Grand Haven Wins 2010 Community Excellence Award at Michigan Municipal League Convention
The City of Grand Haven has won the 2010 Community Excellence Award in a statewide vote of Michigan Municipal League members. The annual statewide competition recognizes outstanding community services, projects and programs. It’s the highest award bestowed on a community by the Michigan Municipal League. Seven finalists – one from each of the League’s seven regions – were chosen as inspiring examples of what Michigan communities can accomplish through dynamic leadership, creative vision and collaborative effort. Grand Haven ( was selected by popular vote in the Race for the Cup competition during the League’s 112th Annual Convention Sept. 21-24 in Dearborn. Grand Haven won for its creative graphic design to communicate its annual city goals. Grand Haven's entry, "Vivid and Lively Goals," beat out six other regional winners to claim the Michigan Municipal League's Community Excellence Award. The city's entry emphasized the importance of effective communication of the city council's goals to city staff. Mary Snedeker, an administrative assistant with the city, produces a vivid image of the city's goals, which is framed and hung in all of the city's departments. The purpose of the initiative is to continually remind staff of the council's direction and help measure progress toward the goals. Snedeker accepted the award along with numerous other Grand Haven officials including, Grand Haven Mayor Roger A. Bergman; Grand Haven City Manager Pat McGinnis; and Grand Haven Mayor Pro Tem Mike Fritz. The other six statewide finalists were the lakefront city of Harbor Beach for rebranding itself with an annual Maritime Festival that draws thousands of people to Michigan’s thumb each summer; Monroe for turning an old, deserted industrial site into a new national park that now serves as a prominent city entryway; Saginaw for implementing a recycling program that dramatically reduced landfill waste in just two months; the Village of Kingsley for building a state-of-the-art $1.3 million library and municipal center without raising local taxes; East Lansing’s for its Technology Innovation Center that has become an incubator for technology-based businesses by offering space and resources for technology start-ups; and St. Ignace for forging a unique partnership of private, state and federal entities, to develop a new bus station for a public transit network linking the region to the entire state. Read a Muskegon Chronicle story about Grand Haven’s win:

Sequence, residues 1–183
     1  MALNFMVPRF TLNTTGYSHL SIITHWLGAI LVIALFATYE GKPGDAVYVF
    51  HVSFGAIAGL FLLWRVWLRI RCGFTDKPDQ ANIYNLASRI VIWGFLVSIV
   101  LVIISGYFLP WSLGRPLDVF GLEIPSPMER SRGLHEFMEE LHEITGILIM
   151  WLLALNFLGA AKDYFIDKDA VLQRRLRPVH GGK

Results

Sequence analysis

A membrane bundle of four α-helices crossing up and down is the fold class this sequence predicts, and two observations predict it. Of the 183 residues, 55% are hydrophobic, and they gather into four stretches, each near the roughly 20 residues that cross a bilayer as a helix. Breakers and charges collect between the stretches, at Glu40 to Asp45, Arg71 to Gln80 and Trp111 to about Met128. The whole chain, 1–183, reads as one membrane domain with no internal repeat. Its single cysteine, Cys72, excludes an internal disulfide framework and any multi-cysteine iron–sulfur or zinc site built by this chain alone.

Other regional nominees that did not make the list of seven finalists but still were strong projects were Howell’s street and walkway improvements; Garden City’s regional fire service; Eastpointe’s police and community multicultural program; DeWitt’s open access playground; Kentwood’s district library; Evart’s “Shop Local” campaign; Rothbury’s ethics policy; Marshall’s after-school arts apprenticeship program; Sturgis’ Helping Hand program; Baraga’s “Super Supplier Network” of local businesses; and L’Anse’s MEDC/MDOT collaboration.
Don’t forget to tell the Michigan Municipal League ( about a project in your community that you’re excited about, by nominating it for next year’s competition. Go here for details:
31 photos · 301 views